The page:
Finland?s wind energy capacity to be increased by 50 per cent this year

“It is almost certain now. Work has already begun at several construction sites”, says Anni Mikkonen, executive director of the Finnish Wind Power Association.

Last year’s objectives in building wind turbines plants were not reached owing to the fact that changes were made to the forms of support and regulations concerning wind power production.

The Ministry of Employment and the Economy has set up a working group to look further into the factors that complicate wind energy production.

The combined production capacity of Finland’s current wind farms is 197 megawatts. In the course of this year this figure will increase to nearly 300 megawatts, once the seven wind farms that are currently under construction are completed, plus the one that has been planned for the Lapland community of Tervola.

Finland’s first land-based wind farm will be built in Tervola’s Varevaara district. Last week the wind power company Tuuliwatti, owned by the S Group and the energy company St1, made an investment decision to erect ten wind turbines there.

The combined output of the 140-metre high wind turbines at the wind farm, to be completed by the end of this year, is 30 megawatts. The wind farm plants will produce enough electricity to cover the annual needs of around 37,000 apartments.

Last year Finland introduced the so-called feed-in tariff, which guarantees the producer of wind power a certain price regardless of the market situation.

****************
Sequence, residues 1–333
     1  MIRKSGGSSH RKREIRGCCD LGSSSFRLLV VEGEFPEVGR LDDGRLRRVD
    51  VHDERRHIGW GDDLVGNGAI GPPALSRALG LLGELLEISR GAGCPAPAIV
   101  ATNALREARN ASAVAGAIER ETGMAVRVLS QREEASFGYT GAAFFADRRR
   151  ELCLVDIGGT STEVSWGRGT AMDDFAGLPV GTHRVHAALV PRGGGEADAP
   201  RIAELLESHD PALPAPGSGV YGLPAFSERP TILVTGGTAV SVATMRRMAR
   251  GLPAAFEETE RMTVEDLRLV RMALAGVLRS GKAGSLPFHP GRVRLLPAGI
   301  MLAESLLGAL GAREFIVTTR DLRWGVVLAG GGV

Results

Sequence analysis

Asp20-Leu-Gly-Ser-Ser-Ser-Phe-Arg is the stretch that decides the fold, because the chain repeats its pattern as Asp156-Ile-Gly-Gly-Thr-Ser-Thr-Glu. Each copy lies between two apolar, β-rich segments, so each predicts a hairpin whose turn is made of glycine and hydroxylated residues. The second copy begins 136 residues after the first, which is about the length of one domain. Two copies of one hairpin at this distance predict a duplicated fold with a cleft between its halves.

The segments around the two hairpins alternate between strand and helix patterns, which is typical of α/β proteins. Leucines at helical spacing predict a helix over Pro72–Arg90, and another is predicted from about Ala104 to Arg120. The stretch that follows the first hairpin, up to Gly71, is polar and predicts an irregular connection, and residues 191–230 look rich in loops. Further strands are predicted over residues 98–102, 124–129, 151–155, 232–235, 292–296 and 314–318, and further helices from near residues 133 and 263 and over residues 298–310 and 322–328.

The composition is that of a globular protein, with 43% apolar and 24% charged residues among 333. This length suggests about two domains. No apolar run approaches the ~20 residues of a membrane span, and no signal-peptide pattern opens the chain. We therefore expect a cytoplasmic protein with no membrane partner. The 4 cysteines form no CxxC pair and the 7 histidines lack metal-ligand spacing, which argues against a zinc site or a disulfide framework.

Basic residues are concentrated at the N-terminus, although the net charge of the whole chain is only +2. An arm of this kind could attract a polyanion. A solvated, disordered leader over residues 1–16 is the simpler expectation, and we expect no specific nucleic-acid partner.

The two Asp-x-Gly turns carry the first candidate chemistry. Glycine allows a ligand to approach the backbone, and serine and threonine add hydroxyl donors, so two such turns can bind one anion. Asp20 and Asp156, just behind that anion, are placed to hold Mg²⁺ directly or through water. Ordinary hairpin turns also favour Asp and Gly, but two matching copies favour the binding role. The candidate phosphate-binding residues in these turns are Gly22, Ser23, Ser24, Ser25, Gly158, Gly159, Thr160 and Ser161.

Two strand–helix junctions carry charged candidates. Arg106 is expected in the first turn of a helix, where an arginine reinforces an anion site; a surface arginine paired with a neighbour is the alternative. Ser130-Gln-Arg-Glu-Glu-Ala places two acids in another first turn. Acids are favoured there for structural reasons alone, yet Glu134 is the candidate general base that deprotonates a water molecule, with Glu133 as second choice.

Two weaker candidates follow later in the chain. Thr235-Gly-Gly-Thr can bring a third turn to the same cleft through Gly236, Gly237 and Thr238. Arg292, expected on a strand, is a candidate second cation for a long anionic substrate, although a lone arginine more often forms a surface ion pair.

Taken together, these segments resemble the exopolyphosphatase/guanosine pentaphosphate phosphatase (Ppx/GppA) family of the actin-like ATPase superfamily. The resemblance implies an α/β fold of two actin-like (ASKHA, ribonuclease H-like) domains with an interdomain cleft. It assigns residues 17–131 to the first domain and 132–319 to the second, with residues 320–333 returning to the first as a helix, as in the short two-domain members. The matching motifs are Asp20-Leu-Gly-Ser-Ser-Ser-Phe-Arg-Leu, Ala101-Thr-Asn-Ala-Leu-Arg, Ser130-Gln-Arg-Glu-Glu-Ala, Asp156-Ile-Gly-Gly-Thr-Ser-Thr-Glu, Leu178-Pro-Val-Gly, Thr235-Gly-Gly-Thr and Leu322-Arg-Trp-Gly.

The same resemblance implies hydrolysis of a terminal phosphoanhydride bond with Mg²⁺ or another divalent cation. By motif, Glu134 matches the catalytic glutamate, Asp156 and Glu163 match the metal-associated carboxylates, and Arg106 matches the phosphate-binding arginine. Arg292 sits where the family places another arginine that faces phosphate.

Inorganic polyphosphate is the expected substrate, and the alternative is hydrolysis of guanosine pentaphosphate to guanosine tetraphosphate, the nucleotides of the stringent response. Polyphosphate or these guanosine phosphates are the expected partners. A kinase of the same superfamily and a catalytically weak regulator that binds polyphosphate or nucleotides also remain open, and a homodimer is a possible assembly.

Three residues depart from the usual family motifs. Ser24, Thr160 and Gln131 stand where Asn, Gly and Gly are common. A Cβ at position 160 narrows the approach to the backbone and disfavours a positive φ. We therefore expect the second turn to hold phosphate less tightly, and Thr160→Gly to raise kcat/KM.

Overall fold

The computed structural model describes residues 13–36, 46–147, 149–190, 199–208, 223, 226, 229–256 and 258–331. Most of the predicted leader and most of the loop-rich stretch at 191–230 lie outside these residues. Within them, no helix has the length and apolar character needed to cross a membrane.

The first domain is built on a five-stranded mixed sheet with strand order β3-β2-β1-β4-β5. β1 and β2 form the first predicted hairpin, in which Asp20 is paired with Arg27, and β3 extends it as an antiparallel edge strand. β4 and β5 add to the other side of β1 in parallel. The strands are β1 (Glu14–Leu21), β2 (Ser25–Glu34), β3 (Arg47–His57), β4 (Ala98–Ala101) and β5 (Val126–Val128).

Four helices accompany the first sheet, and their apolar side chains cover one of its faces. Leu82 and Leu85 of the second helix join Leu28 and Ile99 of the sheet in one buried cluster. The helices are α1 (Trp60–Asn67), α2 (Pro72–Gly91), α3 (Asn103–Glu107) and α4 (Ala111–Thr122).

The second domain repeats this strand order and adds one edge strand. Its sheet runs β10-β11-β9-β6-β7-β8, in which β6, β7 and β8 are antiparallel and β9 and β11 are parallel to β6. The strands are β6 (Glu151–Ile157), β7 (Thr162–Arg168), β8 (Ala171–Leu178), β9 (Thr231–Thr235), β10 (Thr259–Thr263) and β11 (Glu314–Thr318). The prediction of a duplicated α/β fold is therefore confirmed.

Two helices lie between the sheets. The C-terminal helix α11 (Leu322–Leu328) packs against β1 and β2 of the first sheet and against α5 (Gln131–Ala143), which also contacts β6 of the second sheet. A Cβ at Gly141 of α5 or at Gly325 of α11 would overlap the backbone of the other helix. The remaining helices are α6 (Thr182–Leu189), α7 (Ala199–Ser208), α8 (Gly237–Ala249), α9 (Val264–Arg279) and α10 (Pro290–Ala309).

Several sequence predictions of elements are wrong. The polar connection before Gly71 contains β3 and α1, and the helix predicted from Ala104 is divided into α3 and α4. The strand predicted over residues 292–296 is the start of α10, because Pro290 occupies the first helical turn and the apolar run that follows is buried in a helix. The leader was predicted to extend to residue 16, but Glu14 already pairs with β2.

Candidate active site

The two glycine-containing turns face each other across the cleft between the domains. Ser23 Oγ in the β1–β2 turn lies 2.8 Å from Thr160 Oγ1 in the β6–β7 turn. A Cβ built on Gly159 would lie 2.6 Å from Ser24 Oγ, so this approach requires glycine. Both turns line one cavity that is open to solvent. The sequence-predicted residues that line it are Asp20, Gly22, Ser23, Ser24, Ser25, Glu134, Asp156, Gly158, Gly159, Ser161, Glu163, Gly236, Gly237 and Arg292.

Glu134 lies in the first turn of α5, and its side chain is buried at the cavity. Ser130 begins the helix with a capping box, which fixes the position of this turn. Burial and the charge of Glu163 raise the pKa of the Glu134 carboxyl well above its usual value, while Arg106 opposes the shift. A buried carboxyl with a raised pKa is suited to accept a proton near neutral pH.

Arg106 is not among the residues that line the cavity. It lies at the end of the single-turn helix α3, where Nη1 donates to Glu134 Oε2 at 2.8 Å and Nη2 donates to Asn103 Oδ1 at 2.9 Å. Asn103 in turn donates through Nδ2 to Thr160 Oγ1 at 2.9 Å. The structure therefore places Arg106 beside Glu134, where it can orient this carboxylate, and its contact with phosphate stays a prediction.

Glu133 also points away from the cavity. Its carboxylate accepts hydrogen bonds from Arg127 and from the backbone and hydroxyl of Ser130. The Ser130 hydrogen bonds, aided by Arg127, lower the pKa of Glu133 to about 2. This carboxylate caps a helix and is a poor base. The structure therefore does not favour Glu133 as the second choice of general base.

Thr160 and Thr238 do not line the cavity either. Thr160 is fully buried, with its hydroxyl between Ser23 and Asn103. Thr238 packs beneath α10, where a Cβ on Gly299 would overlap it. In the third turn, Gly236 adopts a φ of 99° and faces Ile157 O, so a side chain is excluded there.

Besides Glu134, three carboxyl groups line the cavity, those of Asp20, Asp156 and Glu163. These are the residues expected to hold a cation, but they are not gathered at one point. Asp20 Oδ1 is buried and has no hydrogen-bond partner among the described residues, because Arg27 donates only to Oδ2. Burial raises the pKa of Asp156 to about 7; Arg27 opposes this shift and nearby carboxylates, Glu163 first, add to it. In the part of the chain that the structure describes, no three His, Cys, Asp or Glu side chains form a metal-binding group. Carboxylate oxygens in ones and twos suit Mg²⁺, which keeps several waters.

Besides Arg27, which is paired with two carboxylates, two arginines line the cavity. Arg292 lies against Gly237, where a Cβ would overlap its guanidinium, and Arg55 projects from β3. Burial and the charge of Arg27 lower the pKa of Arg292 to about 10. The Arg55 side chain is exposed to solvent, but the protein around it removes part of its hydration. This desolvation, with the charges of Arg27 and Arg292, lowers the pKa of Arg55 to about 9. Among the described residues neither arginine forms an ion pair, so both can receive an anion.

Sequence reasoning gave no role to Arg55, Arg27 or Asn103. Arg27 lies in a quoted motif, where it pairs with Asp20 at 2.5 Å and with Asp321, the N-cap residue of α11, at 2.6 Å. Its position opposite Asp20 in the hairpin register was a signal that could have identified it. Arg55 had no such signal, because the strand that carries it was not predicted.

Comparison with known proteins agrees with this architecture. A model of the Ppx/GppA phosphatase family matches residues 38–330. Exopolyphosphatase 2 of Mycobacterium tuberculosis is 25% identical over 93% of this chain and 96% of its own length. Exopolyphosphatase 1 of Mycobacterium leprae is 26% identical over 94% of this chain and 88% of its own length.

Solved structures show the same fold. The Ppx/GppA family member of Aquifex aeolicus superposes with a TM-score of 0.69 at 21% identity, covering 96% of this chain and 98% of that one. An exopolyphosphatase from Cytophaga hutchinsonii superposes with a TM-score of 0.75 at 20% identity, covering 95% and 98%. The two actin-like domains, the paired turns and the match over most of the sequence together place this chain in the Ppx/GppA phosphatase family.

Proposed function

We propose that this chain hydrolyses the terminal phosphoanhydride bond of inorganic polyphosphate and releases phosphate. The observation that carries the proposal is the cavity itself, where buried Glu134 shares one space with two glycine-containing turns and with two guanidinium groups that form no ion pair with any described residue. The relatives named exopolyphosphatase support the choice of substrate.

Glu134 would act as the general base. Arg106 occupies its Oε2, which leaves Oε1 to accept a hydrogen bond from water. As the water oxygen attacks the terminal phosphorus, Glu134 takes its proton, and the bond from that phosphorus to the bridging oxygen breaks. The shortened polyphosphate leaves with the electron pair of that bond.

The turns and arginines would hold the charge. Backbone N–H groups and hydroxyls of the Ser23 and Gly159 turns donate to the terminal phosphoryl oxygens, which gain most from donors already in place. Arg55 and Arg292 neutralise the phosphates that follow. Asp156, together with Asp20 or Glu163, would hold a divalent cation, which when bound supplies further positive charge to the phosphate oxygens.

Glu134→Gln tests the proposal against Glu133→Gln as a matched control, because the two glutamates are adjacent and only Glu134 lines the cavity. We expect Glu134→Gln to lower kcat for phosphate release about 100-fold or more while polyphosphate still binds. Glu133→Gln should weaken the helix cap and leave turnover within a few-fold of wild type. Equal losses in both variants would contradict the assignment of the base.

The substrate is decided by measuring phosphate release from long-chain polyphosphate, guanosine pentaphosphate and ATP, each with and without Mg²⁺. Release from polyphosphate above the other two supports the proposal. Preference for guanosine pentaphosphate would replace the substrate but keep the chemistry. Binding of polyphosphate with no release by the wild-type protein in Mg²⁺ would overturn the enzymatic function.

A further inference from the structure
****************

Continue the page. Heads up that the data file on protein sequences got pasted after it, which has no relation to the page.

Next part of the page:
Until 2015 the tariff has been raised from EUR 83.5 to just over EUR 103 per megawatt-hour. The raised tariff is meant to speed up the building of wind power stations.

Mikkonen of the Finnish Wind Power Association considers the tariff a better solution than the previously-used fixed electricity production support, which was only granted in connection with the investment decision.

“The feed-in tariff encourages producers to take on large projects, the development of which can often take between three and five years. Now government support is guaranteed. Previously this was not the case.”

The feed-in tariff, however, does not promote the saving of energy, points out eco-efficiency expert Karoliina Auvinen from the Finnish Innovation Fund SITRA. Left outside the scope of the feed-in tariff are private, property-specific small-scale solar panel and wind turbines.

”Private, small-scale production of electricity in this way would bring on a fundamental market change. Studies show that when consumers are able to produce even some of the energy they use, they immediately start monitoring and reducing their energy consumption.”